POSTED: 08:12 a.m. HST, Jul 31, 2014
LAST UPDATED: 02:15 p.m. HST, Jul 31, 2014
University of Hawaii President David Lassner met with protesters, who marched on Bachman Hall to protest Lassner's decision to fire UH Manoa Chancellor Tom Apple.
Lassner said he gave Apple an unsatisfactory performance rating because he was unable to address serious financial troubles at Manoa and failed to assemble a "cohesive" leadership team to run the campus.
"I had several concerns. One was the financial condition of the campus," Lassner said. "I had concerns about ability to lead a cohesive leadership team. I had concerns about divisiveness on the campus, and increasing zero-sum game attitudes about who's getting whose money."
The crowd grew to at least 100 people as Lassner sat on the ground in a courtyard to address students. He mostly read from talking points, and was clearly flustered at times as students and faculty peppered him with questions and booed him.
Lassner said no outside influences — from deans, legislators or the broader community — factored into his decision.
"There was no outside political influence asking me or directing me or pressuring me to remove Tom Apple," Lassner said.
Students and some faculty members gathered Thursday morning at Hawaii Hawaii, the administrative offices of the UH Manoa campus, and marched to Bachman Hall, where Lassner and other UH system offices are located, at about 8 a.m.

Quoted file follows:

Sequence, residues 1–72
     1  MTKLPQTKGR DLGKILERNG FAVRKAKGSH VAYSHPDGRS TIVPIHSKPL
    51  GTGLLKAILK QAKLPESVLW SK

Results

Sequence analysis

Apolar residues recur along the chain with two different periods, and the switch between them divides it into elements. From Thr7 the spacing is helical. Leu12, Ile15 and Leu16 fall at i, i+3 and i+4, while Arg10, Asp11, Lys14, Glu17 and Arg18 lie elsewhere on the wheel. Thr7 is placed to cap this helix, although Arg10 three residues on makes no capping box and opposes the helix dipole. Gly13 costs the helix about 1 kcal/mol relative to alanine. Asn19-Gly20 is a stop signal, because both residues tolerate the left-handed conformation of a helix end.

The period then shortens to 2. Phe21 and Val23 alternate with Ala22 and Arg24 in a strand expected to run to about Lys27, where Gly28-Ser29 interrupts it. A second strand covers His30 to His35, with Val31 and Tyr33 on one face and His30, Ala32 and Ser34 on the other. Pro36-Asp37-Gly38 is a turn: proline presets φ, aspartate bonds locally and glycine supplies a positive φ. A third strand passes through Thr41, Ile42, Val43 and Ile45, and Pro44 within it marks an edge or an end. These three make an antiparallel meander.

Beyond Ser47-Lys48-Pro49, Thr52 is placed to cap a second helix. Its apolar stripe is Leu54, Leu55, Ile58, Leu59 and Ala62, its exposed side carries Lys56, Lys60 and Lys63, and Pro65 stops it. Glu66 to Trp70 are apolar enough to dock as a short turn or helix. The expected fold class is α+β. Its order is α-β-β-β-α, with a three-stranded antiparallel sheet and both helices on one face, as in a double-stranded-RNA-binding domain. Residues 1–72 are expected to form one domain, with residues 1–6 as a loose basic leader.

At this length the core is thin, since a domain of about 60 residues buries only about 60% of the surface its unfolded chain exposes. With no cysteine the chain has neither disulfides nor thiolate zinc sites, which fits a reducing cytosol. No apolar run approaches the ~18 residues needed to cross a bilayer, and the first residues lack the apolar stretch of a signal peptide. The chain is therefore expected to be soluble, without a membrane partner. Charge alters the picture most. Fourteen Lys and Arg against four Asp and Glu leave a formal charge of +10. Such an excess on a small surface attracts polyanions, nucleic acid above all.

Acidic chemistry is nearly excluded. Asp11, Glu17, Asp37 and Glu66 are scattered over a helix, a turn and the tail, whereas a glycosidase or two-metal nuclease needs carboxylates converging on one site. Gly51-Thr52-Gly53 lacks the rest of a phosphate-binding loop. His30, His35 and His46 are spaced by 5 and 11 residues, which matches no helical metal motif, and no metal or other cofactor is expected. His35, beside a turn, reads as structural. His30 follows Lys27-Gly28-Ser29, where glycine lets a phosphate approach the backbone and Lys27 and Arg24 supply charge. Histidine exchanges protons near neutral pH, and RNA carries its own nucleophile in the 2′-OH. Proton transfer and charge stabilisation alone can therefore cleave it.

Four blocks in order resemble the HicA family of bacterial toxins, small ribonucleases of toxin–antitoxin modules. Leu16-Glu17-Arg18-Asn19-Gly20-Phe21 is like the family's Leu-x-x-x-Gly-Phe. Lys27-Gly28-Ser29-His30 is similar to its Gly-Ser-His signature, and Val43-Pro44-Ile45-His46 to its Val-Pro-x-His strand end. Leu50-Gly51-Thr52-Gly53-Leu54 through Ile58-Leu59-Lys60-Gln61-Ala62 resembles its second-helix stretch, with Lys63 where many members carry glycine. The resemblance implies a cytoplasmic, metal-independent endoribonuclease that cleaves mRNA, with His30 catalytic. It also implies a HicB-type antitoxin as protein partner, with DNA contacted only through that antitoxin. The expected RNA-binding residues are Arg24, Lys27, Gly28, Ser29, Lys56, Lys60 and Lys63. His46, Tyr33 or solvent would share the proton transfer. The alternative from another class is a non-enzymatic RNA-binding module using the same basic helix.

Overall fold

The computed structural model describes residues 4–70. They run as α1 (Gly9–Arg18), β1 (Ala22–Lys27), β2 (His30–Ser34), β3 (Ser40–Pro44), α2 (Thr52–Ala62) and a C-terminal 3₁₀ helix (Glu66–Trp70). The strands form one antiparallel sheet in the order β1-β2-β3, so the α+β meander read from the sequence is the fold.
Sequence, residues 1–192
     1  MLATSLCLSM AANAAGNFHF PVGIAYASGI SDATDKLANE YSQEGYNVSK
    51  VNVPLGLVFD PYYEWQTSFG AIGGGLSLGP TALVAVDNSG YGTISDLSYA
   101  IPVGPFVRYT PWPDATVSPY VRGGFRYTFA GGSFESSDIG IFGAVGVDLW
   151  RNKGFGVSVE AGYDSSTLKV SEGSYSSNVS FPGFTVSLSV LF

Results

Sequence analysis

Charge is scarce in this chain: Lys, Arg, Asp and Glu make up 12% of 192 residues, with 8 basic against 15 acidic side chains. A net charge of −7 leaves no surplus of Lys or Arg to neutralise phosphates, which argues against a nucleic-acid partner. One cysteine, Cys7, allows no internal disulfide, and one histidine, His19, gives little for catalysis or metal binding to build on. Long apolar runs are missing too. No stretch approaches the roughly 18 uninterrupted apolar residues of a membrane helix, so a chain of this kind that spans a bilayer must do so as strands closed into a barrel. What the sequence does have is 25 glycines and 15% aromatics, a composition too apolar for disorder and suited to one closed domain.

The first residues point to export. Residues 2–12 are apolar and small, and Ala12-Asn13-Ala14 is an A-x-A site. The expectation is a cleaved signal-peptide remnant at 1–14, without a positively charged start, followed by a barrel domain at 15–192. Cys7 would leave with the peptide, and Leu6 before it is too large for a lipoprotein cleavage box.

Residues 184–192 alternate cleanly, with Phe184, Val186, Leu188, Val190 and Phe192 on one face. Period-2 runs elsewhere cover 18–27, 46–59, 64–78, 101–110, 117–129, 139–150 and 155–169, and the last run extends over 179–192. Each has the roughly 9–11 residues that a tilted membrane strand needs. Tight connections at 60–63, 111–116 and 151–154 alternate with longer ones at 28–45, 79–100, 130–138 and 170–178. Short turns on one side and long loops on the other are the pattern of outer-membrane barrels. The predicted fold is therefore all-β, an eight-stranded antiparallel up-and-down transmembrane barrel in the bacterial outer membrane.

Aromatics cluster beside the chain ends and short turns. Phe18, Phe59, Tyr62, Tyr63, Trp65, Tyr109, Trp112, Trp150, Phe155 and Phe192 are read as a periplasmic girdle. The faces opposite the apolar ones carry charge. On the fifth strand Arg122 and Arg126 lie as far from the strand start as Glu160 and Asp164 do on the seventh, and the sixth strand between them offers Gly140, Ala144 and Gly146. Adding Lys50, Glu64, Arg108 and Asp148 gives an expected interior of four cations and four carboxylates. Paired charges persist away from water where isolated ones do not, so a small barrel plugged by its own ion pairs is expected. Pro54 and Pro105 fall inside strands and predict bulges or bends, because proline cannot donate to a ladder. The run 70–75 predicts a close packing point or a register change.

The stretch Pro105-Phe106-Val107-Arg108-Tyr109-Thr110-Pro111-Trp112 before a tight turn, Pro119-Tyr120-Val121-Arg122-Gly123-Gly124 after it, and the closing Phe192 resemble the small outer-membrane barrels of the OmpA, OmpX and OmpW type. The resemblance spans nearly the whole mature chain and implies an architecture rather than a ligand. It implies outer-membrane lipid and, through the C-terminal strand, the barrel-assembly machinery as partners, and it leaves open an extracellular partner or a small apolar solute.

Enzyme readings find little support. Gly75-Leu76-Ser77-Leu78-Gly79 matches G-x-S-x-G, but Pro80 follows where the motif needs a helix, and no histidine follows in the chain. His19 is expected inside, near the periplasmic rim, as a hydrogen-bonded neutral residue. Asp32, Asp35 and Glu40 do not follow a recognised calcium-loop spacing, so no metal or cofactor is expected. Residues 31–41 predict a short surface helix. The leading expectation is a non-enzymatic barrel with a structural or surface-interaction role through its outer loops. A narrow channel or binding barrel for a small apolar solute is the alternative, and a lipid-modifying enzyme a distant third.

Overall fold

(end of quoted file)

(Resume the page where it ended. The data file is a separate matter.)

Some of the marchers carried signs that read: "Tom Apple is not a bad apple", "This is our school", "Our money, our choice."
Michelle Tigchelaar, president of the school's Graduate Student Organization, called Apple's firing appalling. She said students are upset that their voices were not considered in the decision and described Apple as supportive of students.
"I found it very insulting," she said of Lassner's decision. "For decades students, faculty, the community, have not gathered behind an administrator like this, we have not had so much support in years, and in spite of all of this support, President Lassner just decides to fire him."
Apple announced Wednesday night he was forced out of office by Lassner, following an unsatisfactory performance evaluation.
Lassner said he became aware of what Apple has characterized as a $20 million annual shortfall in operating funds soon after becoming interim president last fall.
"I came to the conclusion after my service since September and through the last academic year, in my regular conversations with him and watching what was going on, that he wasn't going to be able to turn that around effectively."
Lassner said he'll be engaging students and campus stakeholder groups for input on selecting an interim chancellor. He hopes to make a recommendation at the Board of Regents' monthly meeting August 21.
Apple has three years left on his contract.
His attorney has negotiated a settlement that will allow Apple to be reassigned as a tenured chemistry professor, effective Sept. 1. His chancellor duties have been rescinded immediately, according to a Wednesday "reassignment" memo from Lassner.